EPA Head Scott Pruitt Decided Not to Ban Pesticide His Own Agency Says Is Dangerous. What Does This Mean?
In one of his first moves as the newly appointed head of the Environmental Protection Agency, Scott Pruitt—former Republican Attorney General of Oklahoma who, while in that position, dissolved the state's Environmental Protection Unit and sued the EPA—has chosen to not ban a pesticide called chlorpyrifos.
Chlorpyrifos is an organophosphate insecticide, which means that it acts by basically shutting down an enzyme in insects that enables them to control their muscles and organs. Organophosphates have been banned in household situations since 2000, but continue to be permitted in agricultural use, where they’re extremely widely used in a spray format on crops like almonds, fruit trees, and corn.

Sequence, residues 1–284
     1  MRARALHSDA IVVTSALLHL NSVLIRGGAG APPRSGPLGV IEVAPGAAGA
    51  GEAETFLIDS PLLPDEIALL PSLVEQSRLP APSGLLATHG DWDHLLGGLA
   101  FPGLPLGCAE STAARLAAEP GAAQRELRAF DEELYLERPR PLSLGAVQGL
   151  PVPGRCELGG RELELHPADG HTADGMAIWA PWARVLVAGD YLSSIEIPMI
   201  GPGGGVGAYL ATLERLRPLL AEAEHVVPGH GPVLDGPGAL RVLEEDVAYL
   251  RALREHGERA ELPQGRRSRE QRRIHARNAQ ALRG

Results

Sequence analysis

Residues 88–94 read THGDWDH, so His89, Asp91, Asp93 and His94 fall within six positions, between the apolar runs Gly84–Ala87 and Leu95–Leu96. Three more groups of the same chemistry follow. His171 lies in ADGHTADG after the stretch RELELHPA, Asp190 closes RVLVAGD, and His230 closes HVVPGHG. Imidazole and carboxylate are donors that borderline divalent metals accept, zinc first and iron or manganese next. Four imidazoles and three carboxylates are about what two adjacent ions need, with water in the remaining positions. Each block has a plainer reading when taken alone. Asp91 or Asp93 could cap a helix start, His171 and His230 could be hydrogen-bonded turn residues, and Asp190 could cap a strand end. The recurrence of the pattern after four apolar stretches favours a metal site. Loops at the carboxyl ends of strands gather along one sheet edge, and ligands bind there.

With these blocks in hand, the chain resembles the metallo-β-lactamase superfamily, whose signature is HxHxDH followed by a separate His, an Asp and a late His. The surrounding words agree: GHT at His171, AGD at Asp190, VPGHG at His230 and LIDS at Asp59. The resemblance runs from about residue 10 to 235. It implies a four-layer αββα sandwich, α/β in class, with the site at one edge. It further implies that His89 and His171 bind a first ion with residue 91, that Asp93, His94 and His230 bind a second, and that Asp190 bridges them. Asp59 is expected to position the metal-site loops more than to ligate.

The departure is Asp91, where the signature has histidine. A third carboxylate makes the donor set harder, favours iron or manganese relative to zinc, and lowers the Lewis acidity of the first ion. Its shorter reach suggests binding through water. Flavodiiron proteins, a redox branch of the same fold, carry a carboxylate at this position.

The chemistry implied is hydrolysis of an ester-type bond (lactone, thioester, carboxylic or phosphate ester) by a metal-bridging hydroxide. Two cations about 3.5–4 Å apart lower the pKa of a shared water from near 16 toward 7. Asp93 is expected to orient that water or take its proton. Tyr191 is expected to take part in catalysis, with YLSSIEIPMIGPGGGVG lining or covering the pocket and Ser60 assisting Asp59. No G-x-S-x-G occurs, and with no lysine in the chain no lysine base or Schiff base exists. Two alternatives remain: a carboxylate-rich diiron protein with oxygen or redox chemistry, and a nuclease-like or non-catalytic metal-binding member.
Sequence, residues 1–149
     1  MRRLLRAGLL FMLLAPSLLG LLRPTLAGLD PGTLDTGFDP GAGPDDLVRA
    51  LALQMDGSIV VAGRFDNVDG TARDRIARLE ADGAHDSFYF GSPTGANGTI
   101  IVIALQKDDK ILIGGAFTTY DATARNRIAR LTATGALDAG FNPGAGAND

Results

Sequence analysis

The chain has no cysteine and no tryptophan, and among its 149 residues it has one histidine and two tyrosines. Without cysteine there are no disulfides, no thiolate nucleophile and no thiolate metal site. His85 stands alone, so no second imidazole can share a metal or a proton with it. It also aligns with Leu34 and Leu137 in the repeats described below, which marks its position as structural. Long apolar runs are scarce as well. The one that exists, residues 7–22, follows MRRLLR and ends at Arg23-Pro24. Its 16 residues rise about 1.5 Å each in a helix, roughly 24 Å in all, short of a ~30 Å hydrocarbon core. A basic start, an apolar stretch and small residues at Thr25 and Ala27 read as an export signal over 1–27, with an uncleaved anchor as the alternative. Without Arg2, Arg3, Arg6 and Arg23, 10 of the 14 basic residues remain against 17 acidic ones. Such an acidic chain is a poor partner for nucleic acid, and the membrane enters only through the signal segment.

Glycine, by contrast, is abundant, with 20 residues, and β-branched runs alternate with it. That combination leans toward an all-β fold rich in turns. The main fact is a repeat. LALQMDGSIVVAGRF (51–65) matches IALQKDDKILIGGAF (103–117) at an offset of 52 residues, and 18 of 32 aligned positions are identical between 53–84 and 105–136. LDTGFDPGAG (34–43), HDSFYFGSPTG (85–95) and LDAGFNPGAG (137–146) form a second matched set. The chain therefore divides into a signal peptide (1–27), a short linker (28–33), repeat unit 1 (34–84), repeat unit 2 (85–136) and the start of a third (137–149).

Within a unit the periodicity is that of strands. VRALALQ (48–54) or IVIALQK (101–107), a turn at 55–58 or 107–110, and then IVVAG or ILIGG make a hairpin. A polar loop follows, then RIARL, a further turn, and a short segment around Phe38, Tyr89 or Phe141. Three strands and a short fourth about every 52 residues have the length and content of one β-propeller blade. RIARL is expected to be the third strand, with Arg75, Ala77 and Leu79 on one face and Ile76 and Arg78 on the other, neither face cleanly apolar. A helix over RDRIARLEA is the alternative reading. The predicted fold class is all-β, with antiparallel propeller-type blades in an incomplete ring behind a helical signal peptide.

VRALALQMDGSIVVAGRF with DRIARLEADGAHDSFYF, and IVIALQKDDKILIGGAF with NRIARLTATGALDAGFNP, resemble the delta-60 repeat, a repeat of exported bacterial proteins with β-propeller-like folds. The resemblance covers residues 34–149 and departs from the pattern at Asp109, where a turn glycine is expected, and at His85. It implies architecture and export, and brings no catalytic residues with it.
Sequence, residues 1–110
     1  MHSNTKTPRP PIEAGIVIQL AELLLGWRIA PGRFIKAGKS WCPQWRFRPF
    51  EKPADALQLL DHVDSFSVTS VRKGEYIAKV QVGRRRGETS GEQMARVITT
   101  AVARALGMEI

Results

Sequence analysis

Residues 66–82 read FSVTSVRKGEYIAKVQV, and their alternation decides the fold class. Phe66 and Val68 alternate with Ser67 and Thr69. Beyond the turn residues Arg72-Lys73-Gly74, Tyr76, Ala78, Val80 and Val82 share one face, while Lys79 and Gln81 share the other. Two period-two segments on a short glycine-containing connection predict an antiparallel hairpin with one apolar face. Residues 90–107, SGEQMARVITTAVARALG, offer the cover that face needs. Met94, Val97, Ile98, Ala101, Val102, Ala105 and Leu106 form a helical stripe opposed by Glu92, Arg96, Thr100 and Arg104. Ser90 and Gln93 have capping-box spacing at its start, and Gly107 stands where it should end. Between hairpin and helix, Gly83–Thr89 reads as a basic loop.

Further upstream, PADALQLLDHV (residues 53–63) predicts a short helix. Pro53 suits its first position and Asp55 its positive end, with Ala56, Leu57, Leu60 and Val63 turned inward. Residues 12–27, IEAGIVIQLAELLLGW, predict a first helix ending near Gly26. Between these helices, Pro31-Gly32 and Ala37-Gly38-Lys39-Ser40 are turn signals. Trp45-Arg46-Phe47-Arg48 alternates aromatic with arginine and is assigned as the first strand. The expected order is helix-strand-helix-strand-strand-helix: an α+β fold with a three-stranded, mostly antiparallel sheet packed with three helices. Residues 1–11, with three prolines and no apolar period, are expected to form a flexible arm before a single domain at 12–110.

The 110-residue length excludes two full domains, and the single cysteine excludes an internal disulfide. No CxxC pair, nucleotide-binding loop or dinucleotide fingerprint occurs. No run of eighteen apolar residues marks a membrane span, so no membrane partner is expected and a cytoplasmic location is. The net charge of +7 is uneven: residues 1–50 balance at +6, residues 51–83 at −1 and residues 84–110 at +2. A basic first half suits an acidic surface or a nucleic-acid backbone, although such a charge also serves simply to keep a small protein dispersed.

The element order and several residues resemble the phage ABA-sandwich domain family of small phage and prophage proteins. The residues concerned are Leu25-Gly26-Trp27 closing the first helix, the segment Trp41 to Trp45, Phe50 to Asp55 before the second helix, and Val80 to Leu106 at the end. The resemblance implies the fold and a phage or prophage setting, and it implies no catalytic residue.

In July of 2016, the EPA, in response to a few other studies alleging chlorpyrifos’s danger (like this one from Columbia), performed its own health assessment on chlorpyrifos, and declared that the ways the pesticide is normally used are not safe. From their site:
Based on current labeled uses, the revised analysis indicates that expected residues of chlorpyrifos on food crops exceed the safety standard under the Federal Food, Drug, and Cosmetic Act (FFDCA). In addition, the majority of estimated drinking water exposure from currently registered uses, including water exposure from non-food uses, continues to exceed safe levels, even taking into account more refined drinking water exposure. This assessment also shows risks to workers who mix, load and apply chlorpyrifos pesticide products.